Prestwick Country Club

1001 Links Road, Myrtle Beach, SC 29575
Myrtle Beach golf course



Number of Holes 18 From Tips (Longest Tee Box)
Sets of Tees 6 Par 72
Designer Pete Dye, P.B. Dye Rating 74.7
Year Built 1989 Slope 138
Greens Bermuda Yardage 7,086 Yds
Exclusivity Private

Prestwick Country Club is one of Myrtle Beach’s best-kept secrets, but we’re here to give it a little extra attention.

Unlike most courses on the Grand Strand, Prestwick Country Club had not one, but two architectural geniuses behind the beauty of its design: Pete and P.B. Dye. With a name like Dye, it’s no wonder that the 18 holes at Prestwick are an homage to the Scottish links.

This par 72 course features generous fairways with gentle undulations that navigate your ball towards rolling greens guarded by pot bunkers and meandering streams. But the course wouldn’t be complete without the innovative use of railroad ties, a Dye signature that can be found all over Prestwick.

The masterpiece begins with an incredible run of four par 4s that make up the bulk of the defense on the front nine. Keeping in mind that the course does not give you much time to settle into the round, par is a great score on any of these introductory holes. Arguably the highlight of the front nine is the par-5 9th Hole. It’s a monster of a hole playing as long as 537 yards from the tips. A massive lake borders the left side of the fairway and strategic mounding along the right side eliminates any chance of a bailout tee shot. The elevated 9th green, like many on the course, is guarded by steep bunkers and a prevailing wind. Although a difficult finish to the front side, the 9th Hole at Prestwick is a challenge everyone loves.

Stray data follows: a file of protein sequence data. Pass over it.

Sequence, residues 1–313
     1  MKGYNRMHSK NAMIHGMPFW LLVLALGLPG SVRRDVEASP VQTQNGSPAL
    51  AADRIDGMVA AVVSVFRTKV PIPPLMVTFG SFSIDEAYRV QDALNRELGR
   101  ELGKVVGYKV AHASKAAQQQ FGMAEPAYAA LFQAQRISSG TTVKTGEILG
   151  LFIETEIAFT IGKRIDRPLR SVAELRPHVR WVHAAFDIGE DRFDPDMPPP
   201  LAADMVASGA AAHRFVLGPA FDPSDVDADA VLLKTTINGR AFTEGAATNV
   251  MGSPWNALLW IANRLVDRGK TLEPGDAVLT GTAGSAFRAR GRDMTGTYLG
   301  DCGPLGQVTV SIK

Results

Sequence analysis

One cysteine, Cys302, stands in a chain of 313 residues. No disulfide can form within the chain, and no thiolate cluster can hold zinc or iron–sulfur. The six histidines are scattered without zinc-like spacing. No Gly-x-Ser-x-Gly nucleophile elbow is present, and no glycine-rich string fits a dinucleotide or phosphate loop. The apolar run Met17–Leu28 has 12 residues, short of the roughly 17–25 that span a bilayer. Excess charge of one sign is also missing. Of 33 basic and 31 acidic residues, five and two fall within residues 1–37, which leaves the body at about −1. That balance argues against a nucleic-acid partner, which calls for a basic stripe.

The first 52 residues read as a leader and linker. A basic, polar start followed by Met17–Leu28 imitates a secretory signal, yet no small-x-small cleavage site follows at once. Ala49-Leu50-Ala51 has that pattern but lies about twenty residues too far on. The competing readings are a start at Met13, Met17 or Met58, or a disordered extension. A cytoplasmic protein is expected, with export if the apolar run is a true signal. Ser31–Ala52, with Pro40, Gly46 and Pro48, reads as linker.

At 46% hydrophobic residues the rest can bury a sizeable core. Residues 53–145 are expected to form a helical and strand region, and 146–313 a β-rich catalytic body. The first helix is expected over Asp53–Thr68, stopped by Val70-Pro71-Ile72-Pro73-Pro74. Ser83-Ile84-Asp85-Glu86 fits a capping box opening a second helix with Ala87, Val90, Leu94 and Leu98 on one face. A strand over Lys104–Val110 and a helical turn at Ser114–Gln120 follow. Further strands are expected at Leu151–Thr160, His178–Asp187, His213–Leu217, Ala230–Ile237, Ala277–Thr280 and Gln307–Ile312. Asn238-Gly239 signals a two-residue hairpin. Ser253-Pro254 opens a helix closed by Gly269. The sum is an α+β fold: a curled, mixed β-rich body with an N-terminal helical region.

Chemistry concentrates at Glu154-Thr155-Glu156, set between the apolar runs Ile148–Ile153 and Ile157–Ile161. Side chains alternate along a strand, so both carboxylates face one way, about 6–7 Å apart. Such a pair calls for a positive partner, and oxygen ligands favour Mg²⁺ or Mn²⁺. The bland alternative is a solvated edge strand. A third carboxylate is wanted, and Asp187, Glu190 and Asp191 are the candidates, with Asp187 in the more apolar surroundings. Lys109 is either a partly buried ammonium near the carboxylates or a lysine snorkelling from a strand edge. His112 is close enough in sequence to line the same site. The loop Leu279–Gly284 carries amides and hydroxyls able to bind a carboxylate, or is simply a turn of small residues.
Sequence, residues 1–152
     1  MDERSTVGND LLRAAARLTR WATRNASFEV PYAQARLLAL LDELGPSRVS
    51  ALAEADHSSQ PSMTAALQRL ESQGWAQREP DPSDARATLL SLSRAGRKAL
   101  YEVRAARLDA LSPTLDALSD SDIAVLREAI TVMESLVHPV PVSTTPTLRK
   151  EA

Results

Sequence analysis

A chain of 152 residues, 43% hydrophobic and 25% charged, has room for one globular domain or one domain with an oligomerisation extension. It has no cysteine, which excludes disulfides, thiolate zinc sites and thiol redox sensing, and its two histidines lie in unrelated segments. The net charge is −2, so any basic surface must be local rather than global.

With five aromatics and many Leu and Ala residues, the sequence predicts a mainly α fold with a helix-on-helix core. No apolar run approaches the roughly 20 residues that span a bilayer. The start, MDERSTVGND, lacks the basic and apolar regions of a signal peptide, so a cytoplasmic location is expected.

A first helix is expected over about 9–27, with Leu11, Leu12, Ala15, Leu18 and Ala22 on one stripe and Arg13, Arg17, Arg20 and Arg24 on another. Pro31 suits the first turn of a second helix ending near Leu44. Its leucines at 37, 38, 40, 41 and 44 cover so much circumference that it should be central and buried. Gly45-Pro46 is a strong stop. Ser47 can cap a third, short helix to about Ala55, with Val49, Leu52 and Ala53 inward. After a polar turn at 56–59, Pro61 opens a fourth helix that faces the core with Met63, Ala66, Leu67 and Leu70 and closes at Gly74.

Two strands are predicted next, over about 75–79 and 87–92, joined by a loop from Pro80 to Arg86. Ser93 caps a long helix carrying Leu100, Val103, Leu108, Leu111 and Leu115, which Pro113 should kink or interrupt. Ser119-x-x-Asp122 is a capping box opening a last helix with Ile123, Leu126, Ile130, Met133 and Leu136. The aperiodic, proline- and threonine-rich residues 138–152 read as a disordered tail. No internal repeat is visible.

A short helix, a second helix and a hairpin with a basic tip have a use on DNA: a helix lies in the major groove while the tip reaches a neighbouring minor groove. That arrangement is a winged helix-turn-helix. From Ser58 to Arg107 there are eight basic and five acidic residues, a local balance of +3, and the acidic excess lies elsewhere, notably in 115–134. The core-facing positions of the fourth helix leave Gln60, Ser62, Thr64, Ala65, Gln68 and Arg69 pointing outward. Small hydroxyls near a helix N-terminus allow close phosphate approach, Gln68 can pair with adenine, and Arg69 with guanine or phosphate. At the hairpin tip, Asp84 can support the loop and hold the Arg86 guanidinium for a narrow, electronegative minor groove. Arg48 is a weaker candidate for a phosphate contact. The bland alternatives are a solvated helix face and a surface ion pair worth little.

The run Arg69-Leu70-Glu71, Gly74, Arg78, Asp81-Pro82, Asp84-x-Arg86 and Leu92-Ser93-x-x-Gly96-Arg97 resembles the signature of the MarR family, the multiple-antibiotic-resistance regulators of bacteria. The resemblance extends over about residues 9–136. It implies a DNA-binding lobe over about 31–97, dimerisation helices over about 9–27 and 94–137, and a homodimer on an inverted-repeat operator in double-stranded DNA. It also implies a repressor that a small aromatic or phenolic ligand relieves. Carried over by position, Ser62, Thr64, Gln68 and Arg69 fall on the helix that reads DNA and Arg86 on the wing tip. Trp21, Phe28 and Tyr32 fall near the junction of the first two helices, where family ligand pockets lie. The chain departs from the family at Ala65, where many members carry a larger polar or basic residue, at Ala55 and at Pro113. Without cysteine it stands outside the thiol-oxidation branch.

The back nine is accentuated by two scenic par 3s, No. 13 and No. 16, that both feature water and strategic bunkering/mounding. But the final two holes on this side are what golfers leave the course talking about. The 17th is a long par 5 that has the potential to test every facet of your game. With a meandering stream and relatively precise landing zones, this hole has surely seen more double bogeys than birdies. And if you were hoping for an easy finish, you might be disappointed to see that the 18th Hole is a mirror image of the 9th. Although it plays a tad shorter, it too demands accuracy and precision off the tee and into the green.

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